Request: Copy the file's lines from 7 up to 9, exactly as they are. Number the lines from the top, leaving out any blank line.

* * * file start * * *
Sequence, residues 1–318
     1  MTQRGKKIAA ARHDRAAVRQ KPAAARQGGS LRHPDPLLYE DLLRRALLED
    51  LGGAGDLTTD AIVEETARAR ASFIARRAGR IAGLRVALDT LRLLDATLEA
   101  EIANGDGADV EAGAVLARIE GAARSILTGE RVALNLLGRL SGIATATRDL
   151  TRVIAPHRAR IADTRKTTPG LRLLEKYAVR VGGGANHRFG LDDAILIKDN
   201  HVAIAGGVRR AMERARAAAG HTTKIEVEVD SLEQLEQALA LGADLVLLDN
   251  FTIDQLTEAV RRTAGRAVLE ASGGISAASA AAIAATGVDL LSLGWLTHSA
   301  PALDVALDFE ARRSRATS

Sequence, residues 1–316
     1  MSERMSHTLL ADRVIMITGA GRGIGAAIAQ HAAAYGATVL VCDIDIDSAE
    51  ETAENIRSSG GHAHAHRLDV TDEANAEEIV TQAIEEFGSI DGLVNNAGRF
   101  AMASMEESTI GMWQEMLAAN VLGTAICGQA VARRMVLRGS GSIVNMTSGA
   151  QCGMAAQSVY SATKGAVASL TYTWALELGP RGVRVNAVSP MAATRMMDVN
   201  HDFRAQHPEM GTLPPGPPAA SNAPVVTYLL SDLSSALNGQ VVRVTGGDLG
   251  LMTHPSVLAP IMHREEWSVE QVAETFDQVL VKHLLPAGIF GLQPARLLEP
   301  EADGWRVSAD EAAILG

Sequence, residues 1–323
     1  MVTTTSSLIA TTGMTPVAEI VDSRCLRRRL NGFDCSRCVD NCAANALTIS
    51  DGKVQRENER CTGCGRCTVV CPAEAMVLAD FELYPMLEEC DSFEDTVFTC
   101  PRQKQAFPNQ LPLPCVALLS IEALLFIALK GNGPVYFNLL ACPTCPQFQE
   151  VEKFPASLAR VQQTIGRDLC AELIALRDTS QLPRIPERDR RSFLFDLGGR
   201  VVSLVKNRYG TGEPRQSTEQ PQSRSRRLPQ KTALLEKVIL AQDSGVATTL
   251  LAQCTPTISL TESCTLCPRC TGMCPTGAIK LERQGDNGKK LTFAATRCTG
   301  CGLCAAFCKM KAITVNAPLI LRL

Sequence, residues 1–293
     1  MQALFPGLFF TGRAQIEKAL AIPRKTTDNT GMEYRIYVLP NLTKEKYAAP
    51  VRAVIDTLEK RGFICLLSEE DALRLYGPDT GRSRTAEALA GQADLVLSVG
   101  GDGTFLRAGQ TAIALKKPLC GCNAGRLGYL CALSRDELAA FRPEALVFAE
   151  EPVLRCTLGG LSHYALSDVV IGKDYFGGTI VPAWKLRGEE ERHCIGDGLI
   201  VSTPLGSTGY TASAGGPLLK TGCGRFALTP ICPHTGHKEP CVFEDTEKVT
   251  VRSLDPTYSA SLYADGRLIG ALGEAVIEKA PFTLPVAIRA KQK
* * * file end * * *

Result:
   251  FTIDQLTEAV RRTAGRAVLE ASGGISAASA AAIAATGVDL LSLGWLTHSA
   301  PALDVALDFE ARRSRATS

Sequence, residues 1–316